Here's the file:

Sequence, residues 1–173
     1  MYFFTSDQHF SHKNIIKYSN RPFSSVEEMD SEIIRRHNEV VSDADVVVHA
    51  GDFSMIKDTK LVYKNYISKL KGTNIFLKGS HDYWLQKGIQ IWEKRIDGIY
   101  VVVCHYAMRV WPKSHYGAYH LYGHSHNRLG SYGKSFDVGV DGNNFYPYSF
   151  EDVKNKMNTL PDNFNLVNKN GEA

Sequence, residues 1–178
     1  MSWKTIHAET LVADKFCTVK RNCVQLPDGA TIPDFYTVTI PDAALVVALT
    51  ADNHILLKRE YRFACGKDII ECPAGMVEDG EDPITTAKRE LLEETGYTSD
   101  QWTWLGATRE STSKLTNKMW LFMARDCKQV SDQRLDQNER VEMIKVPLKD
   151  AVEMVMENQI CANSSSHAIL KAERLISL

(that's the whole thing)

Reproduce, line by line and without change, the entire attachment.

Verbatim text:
Sequence, residues 1–173
     1  MYFFTSDQHF SHKNIIKYSN RPFSSVEEMD SEIIRRHNEV VSDADVVVHA
    51  GDFSMIKDTK LVYKNYISKL KGTNIFLKGS HDYWLQKGIQ IWEKRIDGIY
   101  VVVCHYAMRV WPKSHYGAYH LYGHSHNRLG SYGKSFDVGV DGNNFYPYSF
   151  EDVKNKMNTL PDNFNLVNKN GEA

Sequence, residues 1–178
     1  MSWKTIHAET LVADKFCTVK RNCVQLPDGA TIPDFYTVTI PDAALVVALT
    51  ADNHILLKRE YRFACGKDII ECPAGMVEDG EDPITTAKRE LLEETGYTSD
   101  QWTWLGATRE STSKLTNKMW LFMARDCKQV SDQRLDQNER VEMIKVPLKD
   151  AVEMVMENQI CANSSSHAIL KAERLISL